Should New Mexico be a No. 1 seed?

The New Mexico Lobos have the No. 2 RPI in the country and are leading the top-ranked conference according to RPI by two games, yet they aren't being discussed as a No. 1 seed.

Are the Lobos being overlooked?

Certainly, it's not all about RPI rank when it comes to selecting and seeding teams for the NCAA tournament. But RPI is the most important factor for organizing the field.

Said committee chair Mike Bobinski, "It's absolutely a tool we use to organize the field. We use it to group teams in certain ways. That's undeniable that we use it from that perspective. What people sometimes believe is we use the RPI as a selection tool, and we never, ever do that. It's a consistent way of organizing the data and slicing and dicing things, but we look a lot deeper than that."

In the past five seasons, 12 of the 15 teams ranked in the top three in RPI on Selection Sunday received No. 1 seeds. The exceptions:

  • In 2011, San Diego State (also from the Mountain West Conference) had the No. 3 RPI and received a No. 2 seed.

  • In 2009, Duke had the No. 1 RPI and received a No. 2 seed.

  • In 2008, Tennessee had the No. 2 RPI and received a No. 2 seed.

None of those three teams were in the top-rated RPI conference, like New Mexico is in the Mountain West. Each team's conference was ranked third or worse by RPI.

Despite all 15 of those teams being seeded on the top two lines, ESPN bracketologist Joe Lunardi -- who does his best to emulate what the selection committee would do if the season ended today -- has the Lobos currently as a No. 3 seed. Lunardi recently named 11 teams that are contenders for a No. 1 seed, and the Lobos aren't one of them.

A website called the "Bracket Matrix" tracks 98 different "bracketologists" on the internet, and only four of them have the Lobos as a No. 1 seed. Their range goes as low as a No. 5 seed.


Let's compare the Lobos to other teams considered by Lunardi as No. 1 seed contenders using RPI:

  • The Lobos have the most top 100 wins in the country (16; three more than any other team).

  • They have at least as many top 25 and top 50 wins as Louisville, Gonzaga, Florida, Georgetown, Michigan and Arizona.

  • They have no losses against teams outside the top 100 (Miami, Kansas, Georgetown, Michigan and Arizona each have at least one).

  • They have a better road record than Duke, Michigan State, Florida, Georgetown and Michigan.

  • They have the No. 3 strength of schedule, including the No. 5 non-conference strength of schedule (Duke is the only No. 1 seed contender with a better SOS; Duke and Miami are the only No. 1 seed contenders with a better non-conference SOS).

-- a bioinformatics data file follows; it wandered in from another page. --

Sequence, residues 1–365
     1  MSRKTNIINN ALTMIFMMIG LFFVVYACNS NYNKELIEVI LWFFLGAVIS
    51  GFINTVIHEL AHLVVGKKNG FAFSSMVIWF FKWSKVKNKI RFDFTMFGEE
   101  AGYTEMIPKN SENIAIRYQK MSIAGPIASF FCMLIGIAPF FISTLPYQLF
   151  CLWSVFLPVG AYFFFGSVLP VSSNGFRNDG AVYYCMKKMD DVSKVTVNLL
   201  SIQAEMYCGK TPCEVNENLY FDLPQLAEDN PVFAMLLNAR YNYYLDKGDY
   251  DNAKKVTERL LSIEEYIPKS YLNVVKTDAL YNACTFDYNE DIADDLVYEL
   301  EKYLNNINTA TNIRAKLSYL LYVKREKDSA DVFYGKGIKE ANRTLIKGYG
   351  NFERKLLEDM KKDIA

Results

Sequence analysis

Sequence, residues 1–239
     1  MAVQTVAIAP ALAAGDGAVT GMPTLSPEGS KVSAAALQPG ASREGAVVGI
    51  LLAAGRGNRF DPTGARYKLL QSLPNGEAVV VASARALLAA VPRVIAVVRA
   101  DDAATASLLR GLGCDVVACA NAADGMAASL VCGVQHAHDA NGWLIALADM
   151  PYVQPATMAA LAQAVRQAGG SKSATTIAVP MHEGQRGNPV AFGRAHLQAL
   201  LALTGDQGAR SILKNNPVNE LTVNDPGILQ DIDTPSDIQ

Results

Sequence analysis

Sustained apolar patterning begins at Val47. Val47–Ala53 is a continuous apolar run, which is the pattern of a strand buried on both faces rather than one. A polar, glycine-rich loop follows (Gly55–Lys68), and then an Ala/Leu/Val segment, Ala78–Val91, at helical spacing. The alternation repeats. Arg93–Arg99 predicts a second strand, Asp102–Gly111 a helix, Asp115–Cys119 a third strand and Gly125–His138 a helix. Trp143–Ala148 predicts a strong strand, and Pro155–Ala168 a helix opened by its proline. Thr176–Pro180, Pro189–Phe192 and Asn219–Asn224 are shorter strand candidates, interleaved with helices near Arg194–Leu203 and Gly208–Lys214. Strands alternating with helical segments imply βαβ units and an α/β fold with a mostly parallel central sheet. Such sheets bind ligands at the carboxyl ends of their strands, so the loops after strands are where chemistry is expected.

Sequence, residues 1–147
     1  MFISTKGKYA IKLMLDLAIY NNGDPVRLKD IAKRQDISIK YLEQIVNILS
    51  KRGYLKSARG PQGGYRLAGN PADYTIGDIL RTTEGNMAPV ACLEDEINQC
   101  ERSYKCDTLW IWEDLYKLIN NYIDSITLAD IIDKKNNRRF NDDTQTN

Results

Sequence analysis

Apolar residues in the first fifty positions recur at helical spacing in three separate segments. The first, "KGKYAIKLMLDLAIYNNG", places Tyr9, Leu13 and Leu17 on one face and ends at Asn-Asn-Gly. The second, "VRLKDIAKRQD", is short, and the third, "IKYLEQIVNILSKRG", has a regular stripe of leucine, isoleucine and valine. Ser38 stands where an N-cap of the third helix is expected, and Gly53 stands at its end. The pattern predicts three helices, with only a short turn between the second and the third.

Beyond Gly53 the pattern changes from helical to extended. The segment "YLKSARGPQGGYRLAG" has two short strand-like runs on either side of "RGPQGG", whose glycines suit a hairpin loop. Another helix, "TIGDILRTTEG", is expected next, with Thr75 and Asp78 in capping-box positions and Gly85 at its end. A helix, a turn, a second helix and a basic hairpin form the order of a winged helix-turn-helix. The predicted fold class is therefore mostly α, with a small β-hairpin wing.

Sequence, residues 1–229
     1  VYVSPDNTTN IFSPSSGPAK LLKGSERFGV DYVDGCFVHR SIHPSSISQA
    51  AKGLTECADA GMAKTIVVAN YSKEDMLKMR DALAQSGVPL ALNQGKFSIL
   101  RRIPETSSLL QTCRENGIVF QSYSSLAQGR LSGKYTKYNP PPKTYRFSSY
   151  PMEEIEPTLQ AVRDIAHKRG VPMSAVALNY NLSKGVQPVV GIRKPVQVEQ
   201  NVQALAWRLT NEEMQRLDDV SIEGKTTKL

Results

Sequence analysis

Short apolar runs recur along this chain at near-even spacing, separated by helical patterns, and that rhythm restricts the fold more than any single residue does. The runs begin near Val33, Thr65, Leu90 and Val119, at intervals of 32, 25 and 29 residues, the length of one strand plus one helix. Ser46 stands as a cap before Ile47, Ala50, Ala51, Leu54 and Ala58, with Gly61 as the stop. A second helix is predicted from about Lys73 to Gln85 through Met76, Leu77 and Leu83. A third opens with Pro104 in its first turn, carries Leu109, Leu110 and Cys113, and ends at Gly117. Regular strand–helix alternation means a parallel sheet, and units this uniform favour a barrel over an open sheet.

Making Their Case for a No. 1 Seed

    The most curious case is Gonzaga. Why are the Bulldogs considered a No. 1 seed while the Lobos are not? New Mexico has a higher RPI rank, better strength of schedule, better non-conference strength of schedule, better "best win," more RPI top 25 wins, more RPI top 50 wins and more RPI top 100 wins, and neither team has a bad loss.


    New Mexico has not played against a single team in the RPI top 15. Duke, Miami, Kansas, Indiana, Georgetown and Arizona all have multiple wins against the RPI top 15.

    Despite the No. 2 RPI, the Lobos are ranked 15th in BPI, lower than every other "No. 1 seed contender" other than Georgetown. BPI takes into account margin, pace, location, opponent strength and key players missing. While RPI rates teams based on the best overall resumes, BPI rates teams based on performance. Therefore, the numbers suggest New Mexico hasn't performed as strongly as its resume suggests.

    Why are the Lobos ranked so low in BPI?

    They have a home loss to South Dakota State, which is ranked 121st in BPI (75th in RPI). They had a poor performance at San Diego State, where they lost 55-34. A 21-point loss in a 61-possession game does not bode well for their BPI resume. They also have nine single-digit wins against teams outside the BPI top 50.

    The Lobos are only ranked 28th in KenPom, which ranks teams based on net efficiency adjusted for opponent strength. According to KenPom, the Lobos have the 84th-best adjusted offensive efficiency and are the fourth-luckiest team in college basketball.